The Natural Radiation Background in a Lunar Lava Tube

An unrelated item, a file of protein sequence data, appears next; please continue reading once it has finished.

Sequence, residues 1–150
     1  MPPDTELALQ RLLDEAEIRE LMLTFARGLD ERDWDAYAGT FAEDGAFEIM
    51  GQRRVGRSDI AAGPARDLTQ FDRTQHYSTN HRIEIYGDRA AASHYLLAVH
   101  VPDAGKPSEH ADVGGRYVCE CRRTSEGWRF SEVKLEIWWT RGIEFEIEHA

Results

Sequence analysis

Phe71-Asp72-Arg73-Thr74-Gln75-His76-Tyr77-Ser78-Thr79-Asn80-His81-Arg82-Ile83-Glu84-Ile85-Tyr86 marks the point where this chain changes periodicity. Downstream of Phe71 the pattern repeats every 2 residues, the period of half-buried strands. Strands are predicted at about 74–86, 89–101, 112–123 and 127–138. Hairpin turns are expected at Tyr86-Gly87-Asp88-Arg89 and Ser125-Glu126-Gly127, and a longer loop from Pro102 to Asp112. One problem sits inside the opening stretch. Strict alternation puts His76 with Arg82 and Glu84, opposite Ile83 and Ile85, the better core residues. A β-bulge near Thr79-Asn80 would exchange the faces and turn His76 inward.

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The recent announcements of evidence from the U.S. Grail satellite and from the Japanese SELENE (Kaguya) radar soundings of a possible lunar lava tube over 30 kilometers long have enhanced interest in exploiting lunar lava tubes for exploration and habitation. In a paper presented at ICES last year, Turner and Kunkel, 2017, examined the effectiveness of GCR shielding by the lunar regolith overburden covering a lunar lava tube, and found that less than 10 meter depth would reduce the radiation levels to terrestrial levels or lower. But a missing ingredient was the radiation levels produced by natural radionuclides in the walls of a lunar lava tube. This paper examines the possible range of natural (background) radiation levels from common radionuclides, including Thorium, Uranium, and Potassium expected to be present in lunar caves.